Thursday, February 29, 2024

California court ruling could threaten key funding source for controversial giant water tunnel project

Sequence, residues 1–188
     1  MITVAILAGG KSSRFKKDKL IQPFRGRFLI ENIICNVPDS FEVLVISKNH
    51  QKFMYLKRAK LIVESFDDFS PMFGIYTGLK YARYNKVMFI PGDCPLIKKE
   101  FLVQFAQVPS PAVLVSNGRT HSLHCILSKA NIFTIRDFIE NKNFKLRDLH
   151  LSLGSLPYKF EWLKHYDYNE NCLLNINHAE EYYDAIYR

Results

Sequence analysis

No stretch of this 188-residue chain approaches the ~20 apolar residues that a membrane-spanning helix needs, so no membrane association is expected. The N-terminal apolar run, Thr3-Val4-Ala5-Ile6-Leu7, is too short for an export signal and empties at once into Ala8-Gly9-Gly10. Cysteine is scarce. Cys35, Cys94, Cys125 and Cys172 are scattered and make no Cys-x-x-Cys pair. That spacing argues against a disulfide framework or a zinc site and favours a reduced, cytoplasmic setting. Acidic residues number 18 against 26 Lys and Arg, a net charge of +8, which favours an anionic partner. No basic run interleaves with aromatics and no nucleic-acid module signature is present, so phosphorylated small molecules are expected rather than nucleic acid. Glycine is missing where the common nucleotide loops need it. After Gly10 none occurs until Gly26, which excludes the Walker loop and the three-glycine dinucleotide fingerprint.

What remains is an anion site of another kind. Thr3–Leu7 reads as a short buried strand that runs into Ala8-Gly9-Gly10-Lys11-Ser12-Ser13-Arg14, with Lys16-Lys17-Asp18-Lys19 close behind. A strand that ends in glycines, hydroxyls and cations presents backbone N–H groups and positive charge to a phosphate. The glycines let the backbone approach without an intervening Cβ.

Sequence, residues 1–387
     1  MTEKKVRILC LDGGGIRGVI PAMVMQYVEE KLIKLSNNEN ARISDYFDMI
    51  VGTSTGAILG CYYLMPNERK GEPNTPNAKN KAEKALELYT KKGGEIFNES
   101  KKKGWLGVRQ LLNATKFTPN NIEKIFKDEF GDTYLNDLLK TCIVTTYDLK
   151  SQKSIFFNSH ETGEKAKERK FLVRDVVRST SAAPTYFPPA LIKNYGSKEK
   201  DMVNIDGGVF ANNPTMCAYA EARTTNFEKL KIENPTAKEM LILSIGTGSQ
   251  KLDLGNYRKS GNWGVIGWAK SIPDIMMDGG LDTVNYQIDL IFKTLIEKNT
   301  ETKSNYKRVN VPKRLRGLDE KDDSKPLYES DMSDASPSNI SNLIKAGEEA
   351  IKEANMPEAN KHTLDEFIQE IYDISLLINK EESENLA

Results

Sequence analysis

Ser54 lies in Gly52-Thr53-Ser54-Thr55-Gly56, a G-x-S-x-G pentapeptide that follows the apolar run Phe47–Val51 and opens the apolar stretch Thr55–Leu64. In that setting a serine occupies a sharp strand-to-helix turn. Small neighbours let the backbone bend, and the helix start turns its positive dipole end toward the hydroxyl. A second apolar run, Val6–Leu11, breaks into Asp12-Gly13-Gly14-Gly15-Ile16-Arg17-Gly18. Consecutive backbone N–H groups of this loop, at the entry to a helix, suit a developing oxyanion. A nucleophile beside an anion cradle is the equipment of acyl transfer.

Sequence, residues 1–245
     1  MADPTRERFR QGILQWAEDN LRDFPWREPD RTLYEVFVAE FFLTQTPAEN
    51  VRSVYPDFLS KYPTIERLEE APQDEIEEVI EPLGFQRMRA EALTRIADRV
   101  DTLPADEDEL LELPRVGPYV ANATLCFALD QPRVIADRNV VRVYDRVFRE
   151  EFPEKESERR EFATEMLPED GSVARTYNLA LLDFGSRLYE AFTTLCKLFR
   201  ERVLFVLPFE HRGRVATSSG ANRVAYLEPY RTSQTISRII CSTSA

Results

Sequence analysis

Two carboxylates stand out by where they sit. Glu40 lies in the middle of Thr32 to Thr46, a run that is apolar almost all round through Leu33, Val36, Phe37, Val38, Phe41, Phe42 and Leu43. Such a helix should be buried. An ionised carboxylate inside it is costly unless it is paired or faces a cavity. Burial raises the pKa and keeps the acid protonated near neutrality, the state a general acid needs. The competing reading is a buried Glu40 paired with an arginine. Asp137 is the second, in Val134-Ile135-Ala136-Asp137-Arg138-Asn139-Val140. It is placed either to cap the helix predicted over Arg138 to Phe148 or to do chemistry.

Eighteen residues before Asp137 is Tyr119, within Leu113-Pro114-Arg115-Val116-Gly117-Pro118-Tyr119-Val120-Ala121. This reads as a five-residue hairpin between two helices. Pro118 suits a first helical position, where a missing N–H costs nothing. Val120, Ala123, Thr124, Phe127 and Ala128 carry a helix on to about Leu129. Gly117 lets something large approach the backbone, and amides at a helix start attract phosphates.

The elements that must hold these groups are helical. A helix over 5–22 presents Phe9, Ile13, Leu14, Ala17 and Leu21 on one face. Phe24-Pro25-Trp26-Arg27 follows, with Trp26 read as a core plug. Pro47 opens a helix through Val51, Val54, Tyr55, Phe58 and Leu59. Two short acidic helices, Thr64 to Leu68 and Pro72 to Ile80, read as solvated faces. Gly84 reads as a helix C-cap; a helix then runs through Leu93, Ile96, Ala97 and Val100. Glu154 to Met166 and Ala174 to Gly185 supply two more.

A California judge says a nearly 65-year-old law doesn’t allow the state to borrow the billions of dollars it needs to build a massive water project, a decision that could threaten a key source of funding for a controversial plan supported by. Governor Gavin Newsom to build a huge underground tunnel that will reroute a large part of the state’s supply. The Department of Water Resources approved a resolution in 2020 to borrow money for an unspecified “Delta Program.” The agency says it can borrow this money without seeking approval from the state legislature because a law, last amended in 1959, says it can make changes to a portion of state water. Project: a complex system of dams and canals that supplies water to about 27 million people. But environmental groups and several counties in the Central Valley say the resolution is too broad. . They said that what the agency wants to build is a tunnel that is not covered by the law. DWR’s latest proposal is to build a tunnel about 45 miles (72 kilometers) long and 36 feet (10.9 meters) wide, capable of carrying 161 million gallons of water per minute out of the Central Valley and into the densely populated southern part of the state. On Tuesday, after years of lengthy court proceedings, Judge Kenneth C. of the Sacramento Superior Court. Mennemeier agreed with the counties. He said the state’s definition of the project “leaves the door open” for the state to build whatever it wants, which he said is not allowed under the law. ,” Mennemeier wrote. Mennemeier emphasized that his ruling was “relatively narrow,” applying only to the Newsom administration’s unspecified “Delta Program” as defined in the DWR resolution. Thomas Keeling, an attorney representing six counties and various public water agencies, said it was clear to him that the purpose of the bond resolutions approved by the Newsom administration in 2020 was to provide financing for the Delta tunnel project. He agreed that the ruling was narrow because it did not prevent the administration from looking for other ways to pay for the project. of DWR in any subsequent effort to finance this taxpayer boondoggle,” he said. Environmental groups and counties that opposed the project hailed the ruling as a blow to tunnel financing. The project’s price tag was previously set at $16 billion, but that was an outdated estimate for a previous plan. The state has not released updated estimates. DWR downplayed the significance of the decision, although it said it disagreed with the decision and was considering an appeal. Margaret Mohr, deputy director of communications for the department, said the judge essentially rejected the broad definition of the “Delta Program” and did not make a decision specific to the tunnel. the authority to build the project or borrow money to pay for it,” Mohr said. Mohr added that “the Delta Conveyance Project is a critical part of California’s strategy to ensure a reliable water supply for millions of Californians—modernizing our water infrastructure to protect against the effects of earthquakes, climate change, and more.” The tunnel, which has been proposed and disputed for years, has drawn widespread opposition from Central Valley communities who say it will harm their economies and the fragile ecosystem of the Sacramento-San Joaquin River Delta. The Newsom administration says the tunnel is a necessary upgrade to aging infrastructure that would help the state get more water during heavy rains. It’s unclear what other options the Department of Water Resources might have to pay for the project. Getting approval from voters or the state legislature can be difficult. Just last year, lawmakers insisted on exempting the tunnel project from legislation signed by Newsom aimed at speeding up how long it takes to build major infrastructure projects. Newsom, however, is firm in his support for the project. Last month, his administration completed a landmark environmental review, the final step in a lengthy state regulatory process. But the project still needs to complete a federal environmental review and obtain various state and federal permits, a process expected to take until 2026.